A pioneer of motor sports who set an example for later racers such as Foyt, Petty, Andretti and Earnhardt.
Ralph DePalma was born in Italy, and immigrated to the United States before the turn of the century.
Proficient in nearly every type of racecar he ever drove, Ralph De Palma won nearly 2,000 races in his 25-year career, including the Vanderbilt Cup, the Savannah Grand Prize, the Elgin, the Illinois Grand Prix and the 1915 Indianapolis 500-Mile Race.
DePalma completed 10 Indianapolis 500 races, the last in 1925, when his nephew, Peter DePaolo, emerged as the winner. Despite only one win at Indianapolis, De Palma dominated the race time and time again, only to be thwarted by mechanical ills just short of victory. His record of leading 613 laps over a 10-year career stood until 1987, when it was broken by Al Unser.
In 1912 and 1914, De Palma was recognized as the AAA National Champion, and was the Canadian Champion for 1929. As late as 1936, he was still setting records in stock cars. His career total of 24 championship race wins still ranks high on the all-time list. The fact that his wins are a combination of road course, dirt track, board track and oval track competitions is also notable. DePalma also competed successfully in Europe and helped design the Packard V-12, which he drove to a land speed record of 149.87 mph at Daytona Beach in 1919. DePalma was a pioneer of motor sports, and set an example for later racers such as Foyt, Petty, Andretti and Earnhardt.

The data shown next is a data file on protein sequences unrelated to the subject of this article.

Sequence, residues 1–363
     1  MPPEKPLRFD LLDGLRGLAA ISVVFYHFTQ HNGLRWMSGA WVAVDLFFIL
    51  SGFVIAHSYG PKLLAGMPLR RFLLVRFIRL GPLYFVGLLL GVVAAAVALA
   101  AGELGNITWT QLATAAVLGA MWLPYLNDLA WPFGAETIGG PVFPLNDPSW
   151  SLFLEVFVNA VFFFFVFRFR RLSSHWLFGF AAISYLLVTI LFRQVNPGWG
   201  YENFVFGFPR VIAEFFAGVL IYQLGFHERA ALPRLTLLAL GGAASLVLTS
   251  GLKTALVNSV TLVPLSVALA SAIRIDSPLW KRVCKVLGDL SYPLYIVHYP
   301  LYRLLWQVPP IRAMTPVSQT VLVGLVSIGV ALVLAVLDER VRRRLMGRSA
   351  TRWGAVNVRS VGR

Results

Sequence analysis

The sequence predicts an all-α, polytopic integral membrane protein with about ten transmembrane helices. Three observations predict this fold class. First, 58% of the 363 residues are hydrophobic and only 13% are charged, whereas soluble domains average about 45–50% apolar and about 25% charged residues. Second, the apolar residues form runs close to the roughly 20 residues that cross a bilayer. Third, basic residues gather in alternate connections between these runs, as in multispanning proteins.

Ralph DePalma died on March 31, 1956 and was elected to the National Italian American Sports Hall of Fame in 1981.